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May 10, 2021

Lights of Old Broadway


Monta Bell - 1925
Kino Classics BD Region A

Even with the acclaim brought to Amanda Seyfried for her performance in Mark, I am not aware of any rise in interest in the real life or films of Marion Davies. My own initial attitude was colored by assumptions formed from Citizen Kane. This changed when I had the opportunity to see Show People and Going Hollywood at the Museum of Modern Art in the mid 1970s. At this time, only a handful of films are available to stream, with a few available on disc.

Lights of Old Broadway is more representative of the kind of films preferred by William Randolph Hearst, rather than those films that showcased Ms. Davies' talent for comedy. During her silent period, Davies showed herself adept at take pratfalls with the best of the silent clowns, something "Fatty" Arbuckle understood when directing Davies in The Red Mill. One of the funnier bits in Show People is Davies mimicking the facial expressions of Gloria Swanson. Davies benefitted from the addition of sound as a boisterous girl who was one of the guys. A top star for over a decade, in Blondie of the Follies, Davies both paid tribute to her own beginnings as a chorus girl and impersonates Greta Garbo in Grand Hotel under the direction of Edmund Goulding, whose previous film was . . . Grand Hotel. Based on what I have been able to see, the more typical vehicles for Davies emphasized sentimentality and triumph over adversity. Lights of Old Broadway does allow for Davies to show off her talent for knockabout comedy in a couple of early scenes including getting butted by a goat.

The bulk of the film takes place in 1880, prior to the first use of electric street lights in New York City. Lights of Old Broadway begins with an interesting premise of twin baby girls separated and adopted by two different parents, the wealthy De Rhondes and the Irish immigrant O'Tandys. For some reason or maybe no reason, nobody bothers to tell Anne De Rhonde or Fely O'Tandy that they were orphaned twins. Banker Lambert De Rhonde is trying to evict Shamus O'Tandy from his shack on 5th Avenue and 69th Street, a stretch of Manhattan that resembles part of California. Meanwhile, Lambert's son, Dirk, goes to the theater where performer Fely catches his eye. The story proceeds not only with the expected class conflicts, but also ethnic prejudice towards Irish immigrants. At one point, Anne and Fely finally meet, and while they express a sense of unexplained connection with each other, everyone else is oblivious to their physical resemblance, save for different colored hair. Added to this story are a couple of brief appearances by actors playing a very young Theodore Roosevelt and Thomas Edison for no discernible reason.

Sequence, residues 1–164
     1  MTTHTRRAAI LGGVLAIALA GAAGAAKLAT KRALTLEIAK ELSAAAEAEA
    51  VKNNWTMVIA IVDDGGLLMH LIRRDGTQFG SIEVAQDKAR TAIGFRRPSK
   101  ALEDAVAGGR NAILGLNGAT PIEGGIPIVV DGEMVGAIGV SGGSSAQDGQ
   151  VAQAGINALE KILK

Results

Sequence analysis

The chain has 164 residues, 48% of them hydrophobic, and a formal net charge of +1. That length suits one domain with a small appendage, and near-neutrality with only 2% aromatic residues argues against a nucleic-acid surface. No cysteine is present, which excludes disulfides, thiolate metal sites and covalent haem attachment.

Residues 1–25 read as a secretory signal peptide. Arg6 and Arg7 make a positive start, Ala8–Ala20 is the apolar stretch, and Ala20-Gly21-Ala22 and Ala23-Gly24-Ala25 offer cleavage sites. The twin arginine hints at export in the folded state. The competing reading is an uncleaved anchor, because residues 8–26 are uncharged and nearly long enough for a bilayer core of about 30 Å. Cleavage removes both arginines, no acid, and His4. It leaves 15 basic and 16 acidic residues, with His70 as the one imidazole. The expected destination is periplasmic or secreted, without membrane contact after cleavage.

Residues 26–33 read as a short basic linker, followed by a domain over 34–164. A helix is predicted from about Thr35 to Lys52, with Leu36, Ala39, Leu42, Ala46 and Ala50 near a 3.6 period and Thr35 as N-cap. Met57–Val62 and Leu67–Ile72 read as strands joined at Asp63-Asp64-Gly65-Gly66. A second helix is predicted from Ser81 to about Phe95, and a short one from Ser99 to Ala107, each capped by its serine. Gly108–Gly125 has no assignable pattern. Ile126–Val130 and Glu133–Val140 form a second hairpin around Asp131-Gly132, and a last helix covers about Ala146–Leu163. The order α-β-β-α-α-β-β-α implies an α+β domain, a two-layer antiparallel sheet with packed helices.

The blu-ray benefits greatly from the commentary track by film historian Anthony Slide. The blu-ray is sourced from the Library of Congress print with a new score composed by Robert Israel. Slide is objective enough to acknowledge the weaknesses of the narrative aspects of Lights of New York, placing the film's importance more as part of Marion Davies' overall career. Very useful for contemporary viewers is pointing the historical context of several of the characters, as well as some history of Irish immigrants in the 19th Century. There are also the brief overviews of several of the cast members and crew. Monta Bell is known, if at all, mostly in being briefly mentioned by Andrew Sarris in The American Cinema as potentially being misgendered. Bell's career as a director is notable for directing Torrent, Greta Garbo's first Hollywood film. Slide suggests that Bell's greatest contribution would he his time as an executive for Paramount during the early sound era with films produced from the Astoria studio in New York.

Lights of New York has scenes that are tinted monochrome, but also use two other coloring processes. A scene at stage show used two-strip Technicolor, that is red and green. When 14th Street is illuminated by electric lights, the Handschiegl process, a more elaborate hand coloring, is used. Slide identifies and explains the use of color.

What Slide does not confirm is what I thought I saw right at the one hour mark of the blu-ray. Davies has offered a hat pin as the needed piece of wire needed for an electronic generator. Alone in the room, curiosity takes over and she touches the generator, resulting in an electric shock. This may be one of those moments when silence is golden, or maybe I should question my skills at lip reading, but I am positive that this is the one moment preserved on film where Marion Davies drops the F-bomb.

Posted by Peter Nellhaus at May 10, 2021 06:31 AM